Since 2010, the United States has been negotiating a secret trade deal, the Trans Pacific Partnership. If approved by Congress, this pact between the U.S. and 11 or 12 of America's Pacific Rim trade-partners would govern 40 percent of U.S. imports and exports. So far, the negotiations are being conducted under tight security; for good reason, as there are big problems with TPP.
1. U.S. trade negotiators want TPP to get special, "fast-track" treatment from Congress.
While Congress has the legal duty to oversee trade agreements, in the past it has given up some of that responsibility to the president. Under a fast-track arrangement, trade agreements such as TPP, would simply get an up or down vote without Congress delving into the details. The previous fast-track authorization lapsed in 2007 and now the Obama administration wants Congress to restore it so that TPP will be approved with a minimum of fuss.
Interestingly, most Republicans are willing to give "fast-track" trade authority to President Obama even though they don't trust him on other issues. That's because powerful transnational corporations want the Trans-Pacific Partnership to be approved. The U.S. Chamber of Commerce stated, "Completing the TPP would pay huge dividends for the United States. The agreement would significantly improve U.S. companies' access to the Asia-Pacific region, which is projected to import nearly $10 trillion worth of goods in 2020."
2. TPP doesn't include China.
The TPP partners are Australia, Brunei, Chile, Japan, Malaysia, Mexico, New Zealand, Canada, Peru, Singapore, Vietnam, and potentially Korea. But the Economic Policy Institute reported that since 2001, "the U.S. has lost 2.7 million jobs... due to growing trade deficits with China." The American Manufacturing website noted that approximately 40 percent of the US trade deficit is due to China, which "maintains numerous policies, including state-sponsored subsidies... [that] have a direct role in increasing the US-China trade imbalance."
Recently, United Steelworkers president Leo Gerard observed that a key problem with TPP is the definition of "domestic product:" "We're supposed to compete with countries that are getting their parts from China... and exporting materials to here, when if they have 35 percent of material from their country they're called 'a domestic product'." In other words, a country such as Vietnam could get the majority of their material from China, assemble it in Hanoi, and then ship it to the US as as a "domestic product" -- even when most of the content came from China.
3. Free-trade agreements, such as TPP, haven't protected U.S. jobs.
Public Citizen reported that since 1994, "the [freed-trade agreement] deficit surge implies the loss of nearly one million American jobs." Public Citizen said wherever there were free-trade agreements US trade deficits increased and in the countries not covered by free-trade agreements our deficits decreased.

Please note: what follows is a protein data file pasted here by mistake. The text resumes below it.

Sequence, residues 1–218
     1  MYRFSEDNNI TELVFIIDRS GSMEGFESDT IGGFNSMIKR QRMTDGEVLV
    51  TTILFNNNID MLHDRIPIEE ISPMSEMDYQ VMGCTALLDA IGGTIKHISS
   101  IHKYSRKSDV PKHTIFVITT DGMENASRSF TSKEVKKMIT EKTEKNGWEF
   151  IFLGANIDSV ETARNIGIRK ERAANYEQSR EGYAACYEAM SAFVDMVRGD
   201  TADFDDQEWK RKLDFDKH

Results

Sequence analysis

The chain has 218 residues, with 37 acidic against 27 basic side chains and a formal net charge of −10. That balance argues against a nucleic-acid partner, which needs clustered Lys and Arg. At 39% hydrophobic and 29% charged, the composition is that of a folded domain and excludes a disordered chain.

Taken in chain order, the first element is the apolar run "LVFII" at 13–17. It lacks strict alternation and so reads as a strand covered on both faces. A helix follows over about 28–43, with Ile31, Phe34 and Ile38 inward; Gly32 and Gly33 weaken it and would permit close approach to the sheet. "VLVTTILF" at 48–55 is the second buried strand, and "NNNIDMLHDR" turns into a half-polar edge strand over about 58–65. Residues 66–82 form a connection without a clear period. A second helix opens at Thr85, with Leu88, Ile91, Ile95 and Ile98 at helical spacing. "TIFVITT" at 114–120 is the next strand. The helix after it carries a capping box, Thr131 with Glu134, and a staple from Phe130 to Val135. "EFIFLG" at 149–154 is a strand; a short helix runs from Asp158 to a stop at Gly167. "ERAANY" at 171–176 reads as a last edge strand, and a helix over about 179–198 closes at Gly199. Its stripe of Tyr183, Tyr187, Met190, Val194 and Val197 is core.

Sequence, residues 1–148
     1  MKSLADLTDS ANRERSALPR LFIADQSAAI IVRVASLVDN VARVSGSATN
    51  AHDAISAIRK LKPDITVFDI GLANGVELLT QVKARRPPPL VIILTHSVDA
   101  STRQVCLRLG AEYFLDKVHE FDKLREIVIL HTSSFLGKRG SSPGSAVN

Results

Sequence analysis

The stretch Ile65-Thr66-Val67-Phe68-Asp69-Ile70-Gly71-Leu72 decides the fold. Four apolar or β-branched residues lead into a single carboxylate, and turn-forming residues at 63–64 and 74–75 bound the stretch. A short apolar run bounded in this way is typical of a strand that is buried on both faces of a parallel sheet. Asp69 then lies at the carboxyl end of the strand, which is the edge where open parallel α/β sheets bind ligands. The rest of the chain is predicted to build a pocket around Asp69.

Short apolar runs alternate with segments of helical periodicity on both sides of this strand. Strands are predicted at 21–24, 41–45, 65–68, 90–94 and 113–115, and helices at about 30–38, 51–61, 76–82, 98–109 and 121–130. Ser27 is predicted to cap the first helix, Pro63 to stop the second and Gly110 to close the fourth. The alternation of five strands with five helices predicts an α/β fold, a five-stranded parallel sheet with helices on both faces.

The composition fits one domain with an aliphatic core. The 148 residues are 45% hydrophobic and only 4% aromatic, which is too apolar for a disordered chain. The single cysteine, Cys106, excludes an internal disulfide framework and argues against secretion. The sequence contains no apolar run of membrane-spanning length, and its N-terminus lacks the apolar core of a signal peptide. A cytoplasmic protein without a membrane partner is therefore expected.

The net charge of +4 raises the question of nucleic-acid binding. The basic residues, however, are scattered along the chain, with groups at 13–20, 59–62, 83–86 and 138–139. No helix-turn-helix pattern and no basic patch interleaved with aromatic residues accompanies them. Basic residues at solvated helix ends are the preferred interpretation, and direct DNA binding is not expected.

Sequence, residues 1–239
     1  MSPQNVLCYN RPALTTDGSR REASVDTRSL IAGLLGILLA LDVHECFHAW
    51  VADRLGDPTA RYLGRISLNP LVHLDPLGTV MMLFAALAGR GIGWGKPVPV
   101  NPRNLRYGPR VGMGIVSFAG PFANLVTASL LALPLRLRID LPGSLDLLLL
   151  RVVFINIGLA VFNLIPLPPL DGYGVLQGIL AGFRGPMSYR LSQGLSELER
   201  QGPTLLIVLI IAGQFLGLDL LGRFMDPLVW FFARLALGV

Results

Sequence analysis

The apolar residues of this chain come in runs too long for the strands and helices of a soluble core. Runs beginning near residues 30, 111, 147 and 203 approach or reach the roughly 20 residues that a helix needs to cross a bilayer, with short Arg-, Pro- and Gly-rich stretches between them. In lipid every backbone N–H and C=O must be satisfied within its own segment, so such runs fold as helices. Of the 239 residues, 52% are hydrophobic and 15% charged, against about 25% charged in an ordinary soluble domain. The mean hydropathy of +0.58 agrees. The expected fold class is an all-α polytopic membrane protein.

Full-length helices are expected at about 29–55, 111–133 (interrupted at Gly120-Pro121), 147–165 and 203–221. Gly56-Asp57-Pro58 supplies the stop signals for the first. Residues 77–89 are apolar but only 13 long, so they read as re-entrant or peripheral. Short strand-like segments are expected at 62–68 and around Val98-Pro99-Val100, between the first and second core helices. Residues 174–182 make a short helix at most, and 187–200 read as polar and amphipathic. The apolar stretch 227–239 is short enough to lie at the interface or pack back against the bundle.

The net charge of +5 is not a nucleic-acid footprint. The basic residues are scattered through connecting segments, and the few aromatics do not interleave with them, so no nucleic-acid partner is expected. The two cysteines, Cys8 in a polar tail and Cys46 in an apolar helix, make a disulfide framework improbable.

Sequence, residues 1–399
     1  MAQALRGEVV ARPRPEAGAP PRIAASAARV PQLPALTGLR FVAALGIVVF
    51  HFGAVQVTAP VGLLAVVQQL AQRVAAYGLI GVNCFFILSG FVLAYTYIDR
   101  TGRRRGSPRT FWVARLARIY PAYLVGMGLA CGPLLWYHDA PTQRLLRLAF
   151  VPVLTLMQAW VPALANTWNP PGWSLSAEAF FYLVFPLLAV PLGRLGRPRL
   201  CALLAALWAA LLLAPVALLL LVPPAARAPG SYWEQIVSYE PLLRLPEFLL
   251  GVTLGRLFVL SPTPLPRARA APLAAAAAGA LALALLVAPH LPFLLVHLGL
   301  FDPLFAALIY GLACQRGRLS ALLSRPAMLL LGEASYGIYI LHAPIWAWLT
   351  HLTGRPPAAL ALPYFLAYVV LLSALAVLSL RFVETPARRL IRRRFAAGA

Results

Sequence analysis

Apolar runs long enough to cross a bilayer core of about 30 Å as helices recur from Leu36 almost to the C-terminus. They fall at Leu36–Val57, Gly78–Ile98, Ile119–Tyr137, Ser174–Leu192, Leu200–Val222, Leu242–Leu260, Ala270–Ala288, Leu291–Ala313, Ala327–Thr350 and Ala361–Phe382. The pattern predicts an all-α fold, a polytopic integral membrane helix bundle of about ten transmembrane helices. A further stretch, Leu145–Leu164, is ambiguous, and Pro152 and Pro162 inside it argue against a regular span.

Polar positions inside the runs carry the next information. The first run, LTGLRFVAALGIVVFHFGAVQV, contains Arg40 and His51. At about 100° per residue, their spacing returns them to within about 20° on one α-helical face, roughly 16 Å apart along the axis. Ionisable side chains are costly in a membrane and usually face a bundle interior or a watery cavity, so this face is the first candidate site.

Recently, Campaign for America's Future revisited the US trade agreement with Mexico -- NAFTA:
In 1993, the broadest assurance by those selling this model - including almost all Republicans and President Clinton - was that it would create U.S. jobs by expanding the trade surplus the U.S. then enjoyed with Mexico... Now the U.S. suffers chronic $60 billion-$70 billion annual trade deficits with Mexico and by this summer the accumulated U.S. current account losses with Mexico under NAFTA will pass $1 trillion.
The Economic Policy Institute says the US lost an estimated 700,000 jobs due to NAFTA.
4. If TPP were to be approved, most of the benefit would go to corporations and the rich.
Public Citizen reported, "the TPP would mean wage losses for all but the richest 10% of U.S. workers."
5. There are a wide variety of serious issues that need to be discussed by Congress and the American public.
For example, the Washington Post reported:
The United States is proposing a number of provisions designed to strengthen and extend brand-name pharmaceutical companies' monopoly privileges. For example, several provisions would support the pharmaceutical firms' practice of "ever-greening" in which a firm will hold a patent on drug 'x' in tablet form, then later obtain a patent on drug 'x' in a gel cap, and later still obtain another patent on the same drug in capsule form. This extends patent life on a known substance, despite no new medical efficacy; thus it delays generic competition.
As another example,
[TPP] includes provisions similar to those of the failed Stop Online Piracy Act (SOPA), and Protect Intellectual Property Act (PIPA), and the Anti-Counterfeiting Trade Agreement (ACTA) that the European Parliament ultimately rejected. The United States appears to be using the non-transparent Trans-Pacific Partnership negotiations as a deliberate end run around Congress on intellectual property, to achieve a presumably unpopular set of policy goals.
The obvious first step is to ask Congress to deny the White House fast-track authority so that the Trans Pacific Partnership can be fully vetted and the public made aware of all the details of the labyrinthian agreement.
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